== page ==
Achievers Ghana, a local non-governmental organisation (NGO), is investing in girl-child education in slum areas to help them attain the highest level in formal education through an after-school programme.
Located within the Maamobi community in Accra, the NGO has currently registered 350 girls on the programme.
Among other activities, it also builds the capacity of the girl-child in slum communities as its contribution to add up to the human capital and hence the development of Ghana.
The NGO engages in reading sessions, information and communications technology (ICT), leadership and mentorship development, as well as community advocacy.
Its major sponsor is the RYTHM Foundation (RF), a United States (US)-based NGO, which through its partnership with Worldreader, funded an e-reader project for the organisation by sponsoring 50 Kindle e-readers, an electronic device pre-loaded with 100 books.
Focus of the NGO
Currently, the NGO offers scholarship to all the 350 girls in various basic schools and senior high schools.
“Our main objective is to inspire, educate, and equip girls in slum communities with the necessary skills to pursue every opportunity that is available to them in order to be responsible and useful citizens,” the Director of Achievers Ghana, Mr Amadu Mohammed, told the Daily Graphic.
He said the NGO intended to achieve its objective through the use of a variety of educational approaches to build knowledge, skills, and self-confidence in the girls.
“This includes advocating change through increasing public awareness and influencing attitudes in support of women’s and girls’ human rights and also, using technology to advocate, connect, and increase awareness of key issues affecting girls and to support girls in slum communities that are constantly learning, mobilising and evolving,” he said.
Mr Mohammed explained that the organisation invited females who were professionals to share information on their career paths, professional and personal lives, and why they thought their careers were interesting.
“Meeting and hearing from role models that girls can relate to is invaluable in sparking their interest in various careers,” he said.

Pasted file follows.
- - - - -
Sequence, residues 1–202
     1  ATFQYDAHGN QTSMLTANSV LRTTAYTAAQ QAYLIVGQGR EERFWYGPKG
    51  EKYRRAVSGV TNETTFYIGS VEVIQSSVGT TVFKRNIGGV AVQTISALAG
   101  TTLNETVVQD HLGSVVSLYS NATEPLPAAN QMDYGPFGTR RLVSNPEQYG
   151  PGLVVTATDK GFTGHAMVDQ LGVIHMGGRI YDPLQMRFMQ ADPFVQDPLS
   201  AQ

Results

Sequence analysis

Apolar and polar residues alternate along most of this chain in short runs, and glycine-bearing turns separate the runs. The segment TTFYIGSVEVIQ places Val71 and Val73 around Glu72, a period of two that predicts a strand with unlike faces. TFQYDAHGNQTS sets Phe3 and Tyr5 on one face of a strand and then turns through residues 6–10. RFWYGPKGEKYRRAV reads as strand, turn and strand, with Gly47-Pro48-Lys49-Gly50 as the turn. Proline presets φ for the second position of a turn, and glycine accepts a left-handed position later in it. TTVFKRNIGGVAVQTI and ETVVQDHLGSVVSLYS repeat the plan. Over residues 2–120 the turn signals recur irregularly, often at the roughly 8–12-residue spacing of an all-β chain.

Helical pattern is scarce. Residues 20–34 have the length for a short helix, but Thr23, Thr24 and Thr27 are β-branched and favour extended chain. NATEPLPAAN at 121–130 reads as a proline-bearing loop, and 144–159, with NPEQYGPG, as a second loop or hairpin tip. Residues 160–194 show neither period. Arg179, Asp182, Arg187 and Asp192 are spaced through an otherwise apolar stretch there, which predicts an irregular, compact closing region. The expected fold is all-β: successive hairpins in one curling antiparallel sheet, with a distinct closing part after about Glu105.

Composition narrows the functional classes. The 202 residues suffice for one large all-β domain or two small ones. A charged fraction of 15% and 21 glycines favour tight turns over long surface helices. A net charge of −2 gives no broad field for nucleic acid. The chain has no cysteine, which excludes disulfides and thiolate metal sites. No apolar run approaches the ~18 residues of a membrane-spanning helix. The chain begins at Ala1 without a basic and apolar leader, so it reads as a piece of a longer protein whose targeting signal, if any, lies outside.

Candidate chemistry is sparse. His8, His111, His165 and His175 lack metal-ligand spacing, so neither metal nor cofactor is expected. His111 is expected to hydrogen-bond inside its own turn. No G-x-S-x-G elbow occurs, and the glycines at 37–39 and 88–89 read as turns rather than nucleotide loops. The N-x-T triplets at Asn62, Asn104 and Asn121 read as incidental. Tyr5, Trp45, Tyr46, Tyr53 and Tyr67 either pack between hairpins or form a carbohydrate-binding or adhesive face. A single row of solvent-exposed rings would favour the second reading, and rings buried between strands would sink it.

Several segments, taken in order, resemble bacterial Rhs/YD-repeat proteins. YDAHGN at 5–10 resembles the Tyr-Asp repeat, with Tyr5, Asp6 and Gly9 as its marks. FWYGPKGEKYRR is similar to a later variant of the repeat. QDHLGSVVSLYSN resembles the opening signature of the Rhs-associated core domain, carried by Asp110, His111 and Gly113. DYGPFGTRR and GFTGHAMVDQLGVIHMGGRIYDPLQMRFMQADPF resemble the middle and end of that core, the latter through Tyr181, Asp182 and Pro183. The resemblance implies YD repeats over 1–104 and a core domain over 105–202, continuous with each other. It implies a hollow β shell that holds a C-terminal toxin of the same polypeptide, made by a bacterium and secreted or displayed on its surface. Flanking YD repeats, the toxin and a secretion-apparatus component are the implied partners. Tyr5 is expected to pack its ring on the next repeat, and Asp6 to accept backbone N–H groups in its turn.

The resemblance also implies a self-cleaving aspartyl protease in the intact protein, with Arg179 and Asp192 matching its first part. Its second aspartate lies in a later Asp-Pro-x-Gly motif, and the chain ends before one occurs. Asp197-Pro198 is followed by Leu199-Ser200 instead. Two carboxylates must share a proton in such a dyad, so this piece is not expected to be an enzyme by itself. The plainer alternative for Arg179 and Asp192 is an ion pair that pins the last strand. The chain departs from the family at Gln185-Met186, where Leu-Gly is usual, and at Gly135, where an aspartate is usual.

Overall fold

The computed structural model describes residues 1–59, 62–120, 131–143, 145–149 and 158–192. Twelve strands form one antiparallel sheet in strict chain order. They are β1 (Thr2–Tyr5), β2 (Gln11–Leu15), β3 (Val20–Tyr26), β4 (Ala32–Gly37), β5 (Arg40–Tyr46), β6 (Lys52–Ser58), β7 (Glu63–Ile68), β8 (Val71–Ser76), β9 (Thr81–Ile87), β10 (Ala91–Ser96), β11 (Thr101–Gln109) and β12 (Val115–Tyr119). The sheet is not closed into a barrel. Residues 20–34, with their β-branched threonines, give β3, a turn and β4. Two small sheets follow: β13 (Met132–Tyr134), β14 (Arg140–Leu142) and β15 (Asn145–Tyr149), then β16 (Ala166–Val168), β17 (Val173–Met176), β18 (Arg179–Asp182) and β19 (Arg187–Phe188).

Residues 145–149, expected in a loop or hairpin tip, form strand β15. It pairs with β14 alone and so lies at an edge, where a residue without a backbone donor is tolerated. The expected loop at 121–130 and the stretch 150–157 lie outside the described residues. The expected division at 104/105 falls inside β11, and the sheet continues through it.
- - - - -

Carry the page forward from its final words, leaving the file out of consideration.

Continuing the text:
Giving a background that led to the establishment of the NGO, Mr Mohammed noted that most women and girls in the slums of Accra did not often get the necessary support that was required from their families or communities to attain quality education.
“Some of these girls who are lucky to find themselves in the classroom are there without a purpose. Probably, they are sent there just to pave the way for the parents or family members to have the peace of mind at home and not with the intention to develop a career out of it or to be responsible.
Girls are disadvantaged
“When families do not have the financial resources to provide quality education to all their children, they prefer to give more education to the boy-child. Because most of the women are not educated, they are unable to provide quality education for their daughters.
“So slum-based women and girls are trapped in a vicious circle, and the education of the girl-child is neglected. The girls find it very difficult to get quality basic education. They do not have a positive supportive environment and attention that is required,” he said.
Mr Mohammed explained that girls in slum communities did not get the right environment where they could gather and learn on their own, especially after school.
He said without support for their education at school, at home, or in their neighbourhood, many girls were lacking even basic literacy and numeracy skills.
“Many girls and young women in the slums are generally less educated, less healthy, and less free than their male peers.
“They do not enjoy the basic rights and protections of citizenship, including the right to reach maturing age, attend school, access healthcare services and information, hold certain jobs, stop unwanted sexual advances, or obtain justice for sexual assault and abuse,” Mr Mohammed explained.
He added that because of their lack of economic opportunity and the social norms disfavouring them, girls and women were often regarded as less worthy of investment or protection from their families, resulting in early marriage and motherhood.
Mr Mohammed was of the opinion that investment in girls’ education, health, protection from violence and economic opportunity enabled them to realise their human rights, adding that for too long, girls in the slums had been kept in the background.
More slum girls need help
Mr Mohammed said there were still a number of such girls around not benefiting from the programme and appealed for support from corporate bodies to “get many other girls who are there waiting to be helped out of bondage.”
He said the organisation was inundated with calls and appeals to extend its activities to other slum communities in the country, “but we are handicapped and your contributions and donations will make this possible.”
He was grateful to the RYTHM Foundation and other individuals who had contributed over the past six years since the establishment of the organisation and assured them that their investment was for a good course.
Mr Mohammed said because of the good works of the organisation, within its six years of existence, it had chalked up a number of successes, including the Most Outstanding NGO at the Nima Excellence Award in 2016.